Becoming a Member of Lucent Dossier Is Not Easy
|Jordan Wentz doing the splits, handling fire...just another day on the job.|
This year, Lucent Dossier celebrates its 10th anniversary at Coachella. Honestly, we couldn't imagine a festival season without them. For the uninitiated, this traveling tribe of dancers, aerialists, acrobats, clowns and carnival freaks are the heart of the Do Lab, one of the Indio festival's many staples. And tonight, you can see them have their most triumphant Coachella moment to date as the Gobi tent's closing act at 11:10 p.m.
Created by stage director/performer/mother hen/goddess Dream Rockwell, Lucent's renowned stage show is made up of some pretty undeniable talent. But if you think that these performers popped out of the womb knowing how to twirl fire and mesmerize a crowd, guess again.
On Friday night, we snuck backstage to get an inside look at the craziness of Lucent's first show of the weekend.
Behind the stage, acrobats were busy limbering up, and half-naked performers were getting painted head-to-toe and fastening their wigs. Our mission: talk to a few cast members and find out what it really takes to be a member of Lucent Dossier.
These folks rehearse. A lot. We're talking 18-hour days, sweating your ass off in a warehouse in L.A.'s Fashion District, dancing your ass off. Prepping for major tours (including a post-Coachella North American jaunt) requires time to train with new equipment, hone their fire twirling skills, make costumes from scratch, etc.
"You really can't be a pansy and hang out with us," Rockwell says. "People fall off; people can't handle it. We'll sleep at our warehouse, we'll do whatever. We're all up in each other's butts all the time." Sounds a lot like family. And for the cast members, that's exactly what their troupe is. "We know one thing for sure - we love and respect each other."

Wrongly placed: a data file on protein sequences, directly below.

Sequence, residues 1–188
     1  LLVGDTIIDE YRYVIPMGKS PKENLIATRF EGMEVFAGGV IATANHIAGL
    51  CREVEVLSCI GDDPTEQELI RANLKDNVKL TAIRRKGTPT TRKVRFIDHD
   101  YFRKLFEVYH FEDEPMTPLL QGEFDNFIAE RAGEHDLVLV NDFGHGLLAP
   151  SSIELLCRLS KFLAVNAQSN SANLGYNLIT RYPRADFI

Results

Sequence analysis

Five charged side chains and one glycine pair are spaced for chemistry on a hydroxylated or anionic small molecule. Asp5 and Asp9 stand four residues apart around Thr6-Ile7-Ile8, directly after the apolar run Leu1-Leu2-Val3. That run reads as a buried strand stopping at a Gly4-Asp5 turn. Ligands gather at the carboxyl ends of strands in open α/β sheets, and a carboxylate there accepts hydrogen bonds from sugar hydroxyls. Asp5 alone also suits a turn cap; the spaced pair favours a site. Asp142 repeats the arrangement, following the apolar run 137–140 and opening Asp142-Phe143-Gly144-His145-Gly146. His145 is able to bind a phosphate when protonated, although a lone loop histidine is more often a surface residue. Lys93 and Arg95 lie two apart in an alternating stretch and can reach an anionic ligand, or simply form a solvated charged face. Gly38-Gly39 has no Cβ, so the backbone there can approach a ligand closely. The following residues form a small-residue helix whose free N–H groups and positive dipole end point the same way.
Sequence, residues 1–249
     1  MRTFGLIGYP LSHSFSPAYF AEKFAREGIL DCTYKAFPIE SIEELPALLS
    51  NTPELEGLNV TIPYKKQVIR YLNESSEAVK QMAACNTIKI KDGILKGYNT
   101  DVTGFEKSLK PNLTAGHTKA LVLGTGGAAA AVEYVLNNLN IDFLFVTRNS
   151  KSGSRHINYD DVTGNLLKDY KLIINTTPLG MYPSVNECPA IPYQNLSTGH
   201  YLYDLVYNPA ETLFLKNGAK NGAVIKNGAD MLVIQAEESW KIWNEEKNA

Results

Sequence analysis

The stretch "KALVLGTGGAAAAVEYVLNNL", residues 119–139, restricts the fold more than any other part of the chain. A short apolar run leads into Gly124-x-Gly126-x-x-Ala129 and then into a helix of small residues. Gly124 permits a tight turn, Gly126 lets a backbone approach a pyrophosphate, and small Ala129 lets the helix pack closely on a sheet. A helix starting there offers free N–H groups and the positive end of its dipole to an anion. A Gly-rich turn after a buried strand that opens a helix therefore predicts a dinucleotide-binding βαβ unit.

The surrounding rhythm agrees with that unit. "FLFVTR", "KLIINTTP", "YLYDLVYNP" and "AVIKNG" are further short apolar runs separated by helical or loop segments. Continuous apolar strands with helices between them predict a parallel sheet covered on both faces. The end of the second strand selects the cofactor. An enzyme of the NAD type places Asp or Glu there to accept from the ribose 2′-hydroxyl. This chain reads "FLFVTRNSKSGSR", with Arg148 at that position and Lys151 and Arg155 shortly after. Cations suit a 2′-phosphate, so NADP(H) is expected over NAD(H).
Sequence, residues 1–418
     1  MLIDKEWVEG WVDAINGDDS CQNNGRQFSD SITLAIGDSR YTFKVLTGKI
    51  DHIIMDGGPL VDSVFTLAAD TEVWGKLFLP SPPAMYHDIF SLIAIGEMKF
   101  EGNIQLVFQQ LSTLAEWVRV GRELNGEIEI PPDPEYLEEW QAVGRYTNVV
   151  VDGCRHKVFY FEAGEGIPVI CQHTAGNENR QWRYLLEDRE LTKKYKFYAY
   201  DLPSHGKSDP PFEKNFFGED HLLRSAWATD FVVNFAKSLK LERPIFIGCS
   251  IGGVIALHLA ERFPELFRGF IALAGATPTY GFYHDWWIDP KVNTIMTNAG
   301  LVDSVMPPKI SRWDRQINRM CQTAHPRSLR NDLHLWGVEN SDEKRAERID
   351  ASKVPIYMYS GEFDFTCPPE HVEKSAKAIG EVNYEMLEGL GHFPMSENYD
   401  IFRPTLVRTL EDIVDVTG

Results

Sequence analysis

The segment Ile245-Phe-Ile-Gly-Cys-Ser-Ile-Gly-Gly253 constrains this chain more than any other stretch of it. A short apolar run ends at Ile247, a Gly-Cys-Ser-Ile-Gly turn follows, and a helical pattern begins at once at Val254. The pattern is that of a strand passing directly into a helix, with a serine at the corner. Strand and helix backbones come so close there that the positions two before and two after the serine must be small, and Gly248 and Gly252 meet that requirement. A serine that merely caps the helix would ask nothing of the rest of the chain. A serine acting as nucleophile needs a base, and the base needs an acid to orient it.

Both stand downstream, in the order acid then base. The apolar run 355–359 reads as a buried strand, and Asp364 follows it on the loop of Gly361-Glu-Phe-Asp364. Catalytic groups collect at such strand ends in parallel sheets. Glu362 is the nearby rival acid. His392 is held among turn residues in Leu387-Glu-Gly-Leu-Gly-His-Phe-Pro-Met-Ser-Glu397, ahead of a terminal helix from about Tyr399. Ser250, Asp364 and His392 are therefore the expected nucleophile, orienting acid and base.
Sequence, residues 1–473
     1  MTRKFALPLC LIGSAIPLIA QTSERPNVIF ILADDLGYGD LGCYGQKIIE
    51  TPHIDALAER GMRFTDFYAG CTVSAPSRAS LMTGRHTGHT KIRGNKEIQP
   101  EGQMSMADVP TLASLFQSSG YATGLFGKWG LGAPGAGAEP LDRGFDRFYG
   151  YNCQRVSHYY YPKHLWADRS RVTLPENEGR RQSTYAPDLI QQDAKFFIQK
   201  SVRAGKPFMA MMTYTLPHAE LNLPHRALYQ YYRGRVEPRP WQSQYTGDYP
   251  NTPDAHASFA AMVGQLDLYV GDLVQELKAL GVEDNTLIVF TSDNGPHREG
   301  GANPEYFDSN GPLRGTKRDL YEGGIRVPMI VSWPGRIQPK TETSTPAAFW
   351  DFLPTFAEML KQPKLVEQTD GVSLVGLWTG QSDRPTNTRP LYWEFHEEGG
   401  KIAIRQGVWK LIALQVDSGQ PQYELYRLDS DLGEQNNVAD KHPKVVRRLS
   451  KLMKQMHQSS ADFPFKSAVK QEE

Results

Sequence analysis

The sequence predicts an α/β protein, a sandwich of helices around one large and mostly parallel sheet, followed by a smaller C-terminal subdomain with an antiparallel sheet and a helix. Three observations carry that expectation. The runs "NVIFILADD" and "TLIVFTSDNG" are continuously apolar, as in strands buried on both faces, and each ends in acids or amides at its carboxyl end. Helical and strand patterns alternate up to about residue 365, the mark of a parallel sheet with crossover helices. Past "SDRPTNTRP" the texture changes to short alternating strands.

That's pretty much how Rajiv Jaine, one of Lucent's main, muscle-bound acrobatic thespians, became part of this wild circus. "I came to Coachella one year building art installations and I saw Lucent and instantly fell in love with [Dream Rockwell], I told myself I just need to be near this woman," Jaine says. "I already had an interest in theater and sets and stuff, so it was perfect."
Eight years later, he's performed countless times at shows and festivals all over the world. His training has literally been a baptism by fire. "I remember my first time handling fire on stage, Dream came up to me before we were supposed to go one stage at this rave in front of 5,000 people and put a stick of fire in my hand. "Jaine says. "I was like, 'What?!'" But I just went for it. You gotta own it. And now [fire twirling] has really evolved for me, like a language."
That's pretty much what 17-year-old Eva Harper, a badass fire spinner who was backstage on Friday ready to perform in her very first show with Lucent, did. Three years ago, she managed to make an impression on Rockwell and the gang, offering to do makeup, fix up costumes and eventually learn a performance skill. Having been to Coachella for the last couple years as a fan in the crowd, being an actual performer this time around has been incredible. "This is the first year where I'm extremely happy and excited and I'm around good people and feeling good about myself. I don't have to be like 'Ugh, another Coachella.'"
Ten years later, as the fest has gone through a multitude of changes, Forjas puts all of Lucent's handwork and development into perspective as he harnesses a giant sphere apparatus for a fat suit over his shoulders behind the stage. It's outrageous and funny looking, but also a good physical representation of how Lucent Dossier has grown in the last decade: "Back in the day, we were just doing it for fun, we were just trying to make sure our passion and our art were there. Now it's become a livelihood."
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